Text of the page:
A Life of Travel…So Far, Part I | Such a beautiful sight to behold

Everyone has a story similar to this. As Americans, most of whom come from elsewhere, wanderlust is part of our nature. Here is Part I of a brief summary of my travel life so far.

I grew up in a strictly bourgeois family, and we had a car, so of course we travelled. My earliest travel memories involve visiting both sets of grandparents and a large number of relatives in Iowa and Nebraska. As a city kid, visits to Great Uncle Walter and Great Aunt Pearl in Ponca, Nebraska were a delightful insight into farm life. My sister, Peggy, and I couldn’t wait to get the baby pigs back. I’m here to tell you that baby pigs don’t want to be held and cuddled. And watch out for the mites that inhabit the chicken coop. Ewwww!

Every summer, my two sisters and I would board the Union Pacific train in Kansas City and travel to Council Bluffs, Iowa, to visit my maternal grandparents. This train was huge, loud and scary. A visit to the bathroom revealed the floor rushing under the train as you flushed. Pretty awesome for a little kid! By mid-morning, we had already finished the lunch my mother had prepared for us, along with the water dispensed into the little cone-shaped cups from the water cooler.

Grandma Dunmire always took us to visit her family in Nebraska, where she was born and raised. I knew some of these people were second and third cousins, but I never understood what our connection was to many of them. We usually took the bus and spent a few nights at random farms across the countryside. Once we went to Lake Okoboji in Iowa where we weren’t allowed to swim because some kind of flower had turned the water a disgusting red hue. Raw!

When I was 11, my grandparents took me on a three-week trip west to the Black Hills, Yellowstone National Park, and Salt Lake City. It was a rare pleasure to bask in their undivided attention without competition from my three siblings. Alas, I remember feeling homesick halfway through the trip and being immensely relieved to return to the chaos of my childhood home.

My family always took summer vacations. We would load up the Chevy station wagon and go out of town for a week. It was the time when there were no seat belts or air conditioning in automobiles. Because there were six of us, someone always had to ride in the middle, and we had a rotating schedule for who got the coveted window seats. To keep us quiet and busy, Dad made our first stop at a roadside market to stock up on chewing gum, candy, and comic books. Often he would offer us an ice-cold bottle of root beer or grape soda. Nothing tasted better!

Destinations included Colorado mountain towns, Lake of the Ozarks, Branson, St. Louis and Minnesota. One year we hiked all the way to Yellowstone and back in about 10 days. Mom would find interesting places for us. One cabin had no plumbing so we had to use the outhouse and brush our teeth while spitting in the creek out back. Peggy put on her swim caps before using the facilities. I guess this cabin was quite economical!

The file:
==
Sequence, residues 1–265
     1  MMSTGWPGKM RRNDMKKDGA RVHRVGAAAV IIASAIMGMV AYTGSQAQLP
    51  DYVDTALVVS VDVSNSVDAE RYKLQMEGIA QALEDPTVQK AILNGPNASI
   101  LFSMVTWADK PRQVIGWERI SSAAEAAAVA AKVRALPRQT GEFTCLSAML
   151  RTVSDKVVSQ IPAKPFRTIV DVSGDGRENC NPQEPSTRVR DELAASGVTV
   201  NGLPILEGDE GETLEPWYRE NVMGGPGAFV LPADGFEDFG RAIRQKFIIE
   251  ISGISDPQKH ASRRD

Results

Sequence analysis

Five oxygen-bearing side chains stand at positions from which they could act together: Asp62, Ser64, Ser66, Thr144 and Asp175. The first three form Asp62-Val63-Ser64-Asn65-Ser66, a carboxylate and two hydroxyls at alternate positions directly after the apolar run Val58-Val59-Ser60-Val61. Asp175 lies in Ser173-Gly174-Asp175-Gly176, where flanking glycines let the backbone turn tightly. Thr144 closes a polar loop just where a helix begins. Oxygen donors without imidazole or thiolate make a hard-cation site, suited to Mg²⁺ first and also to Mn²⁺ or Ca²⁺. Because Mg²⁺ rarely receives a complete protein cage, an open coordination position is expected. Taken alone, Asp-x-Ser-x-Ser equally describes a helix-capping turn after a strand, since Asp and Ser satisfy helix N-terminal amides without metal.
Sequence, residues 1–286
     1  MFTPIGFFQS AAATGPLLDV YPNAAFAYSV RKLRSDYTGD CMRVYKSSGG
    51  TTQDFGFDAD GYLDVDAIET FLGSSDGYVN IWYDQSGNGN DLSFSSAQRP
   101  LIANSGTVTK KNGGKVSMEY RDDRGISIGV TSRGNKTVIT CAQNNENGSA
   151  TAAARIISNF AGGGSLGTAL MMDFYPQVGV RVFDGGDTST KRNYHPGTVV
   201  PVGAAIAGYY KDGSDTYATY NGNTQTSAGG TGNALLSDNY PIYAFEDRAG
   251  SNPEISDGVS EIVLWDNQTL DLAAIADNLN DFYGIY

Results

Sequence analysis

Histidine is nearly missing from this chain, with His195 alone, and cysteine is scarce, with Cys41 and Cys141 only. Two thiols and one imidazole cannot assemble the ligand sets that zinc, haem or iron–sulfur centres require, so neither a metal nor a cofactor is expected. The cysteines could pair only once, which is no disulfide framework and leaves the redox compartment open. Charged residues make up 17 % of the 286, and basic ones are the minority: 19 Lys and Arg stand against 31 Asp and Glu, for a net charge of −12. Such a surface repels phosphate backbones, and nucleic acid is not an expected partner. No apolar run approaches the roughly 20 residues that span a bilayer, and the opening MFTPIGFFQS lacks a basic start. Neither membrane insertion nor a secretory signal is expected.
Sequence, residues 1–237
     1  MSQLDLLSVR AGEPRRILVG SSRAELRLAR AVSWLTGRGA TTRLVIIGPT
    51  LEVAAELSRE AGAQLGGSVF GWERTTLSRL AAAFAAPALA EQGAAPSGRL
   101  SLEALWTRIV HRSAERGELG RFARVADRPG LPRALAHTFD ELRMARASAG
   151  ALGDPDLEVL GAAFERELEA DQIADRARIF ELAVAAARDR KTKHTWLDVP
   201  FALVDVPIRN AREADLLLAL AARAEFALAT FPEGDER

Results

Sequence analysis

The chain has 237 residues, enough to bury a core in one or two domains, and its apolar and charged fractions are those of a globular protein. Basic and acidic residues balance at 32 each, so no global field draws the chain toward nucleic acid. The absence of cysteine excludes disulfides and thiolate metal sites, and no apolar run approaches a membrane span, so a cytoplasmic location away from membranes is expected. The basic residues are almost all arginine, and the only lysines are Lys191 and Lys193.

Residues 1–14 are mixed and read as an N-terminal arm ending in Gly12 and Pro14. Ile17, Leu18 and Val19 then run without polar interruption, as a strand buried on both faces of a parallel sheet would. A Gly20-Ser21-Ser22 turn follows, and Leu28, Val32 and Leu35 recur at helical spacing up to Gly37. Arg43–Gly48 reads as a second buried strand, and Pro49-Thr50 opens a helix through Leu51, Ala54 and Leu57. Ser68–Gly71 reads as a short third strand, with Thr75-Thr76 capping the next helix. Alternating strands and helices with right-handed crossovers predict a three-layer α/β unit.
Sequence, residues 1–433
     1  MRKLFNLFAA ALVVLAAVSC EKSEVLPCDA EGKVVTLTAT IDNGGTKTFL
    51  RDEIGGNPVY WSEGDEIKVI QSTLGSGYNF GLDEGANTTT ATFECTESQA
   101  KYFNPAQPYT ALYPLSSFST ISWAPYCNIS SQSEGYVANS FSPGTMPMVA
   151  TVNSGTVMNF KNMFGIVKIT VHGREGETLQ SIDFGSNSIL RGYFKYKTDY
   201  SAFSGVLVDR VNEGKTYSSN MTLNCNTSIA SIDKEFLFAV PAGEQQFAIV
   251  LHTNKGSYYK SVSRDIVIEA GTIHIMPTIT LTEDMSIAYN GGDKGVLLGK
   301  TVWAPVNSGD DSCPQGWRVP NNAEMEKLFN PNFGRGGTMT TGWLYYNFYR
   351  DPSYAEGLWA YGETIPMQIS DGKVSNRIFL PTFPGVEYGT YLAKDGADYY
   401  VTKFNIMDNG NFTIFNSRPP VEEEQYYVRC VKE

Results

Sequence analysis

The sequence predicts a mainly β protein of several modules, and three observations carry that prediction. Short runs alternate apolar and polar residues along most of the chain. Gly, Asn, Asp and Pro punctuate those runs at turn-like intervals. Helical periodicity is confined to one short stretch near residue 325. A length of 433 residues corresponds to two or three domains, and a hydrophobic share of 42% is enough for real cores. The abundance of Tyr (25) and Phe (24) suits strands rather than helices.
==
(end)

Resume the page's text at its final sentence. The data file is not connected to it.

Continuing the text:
Another place we stayed was deep in the woods in Missouri, and I was terrified of a bear eating me because there were bear sighting warning signs. Once in a blue moon we were staying at a place that had a pool. Heaven! We once tagged a three-bedroom house in Ouray, Colorado, where I happily read old National Geographics and Reader’s Digests for a week.

Our vacation was filled with hiking, picnicking, horseback riding, scenic drives and, of course, souvenir shopping. Eating at the restaurant was a rare pleasure. Mom was quick to buy a loaf of Wonder Bread and a packet of bologna, put together sandwiches, and pass them out for a rather tasty meal. Both of my parents were adept at finding free and economical activities to entertain us kids.

After my freshman year in college, I traveled by plane for the first time to visit my roommate in Chicago. This was back when you could travel standby for half the price. I clearly remember when the plane took off that a lifetime of travel adventures opened up to me. What an incredible feeling!

The purpose of these trips was to connect with each other and extended family members, experience new adventures, see our glorious country, and expand our world beyond Kansas City, Missouri. Oh, the sweet memories that still accompany me today! These moments definitely planted seeds for future journeys which I will delve into next month in Part II.

Libby Kinder is a retired freelance writer and clinical mental health counsellor. She and her husband have lived in southwest Colorado Springs since 2003. Contact Libby with comments and travel ideas at ekinder62@gmail.com.

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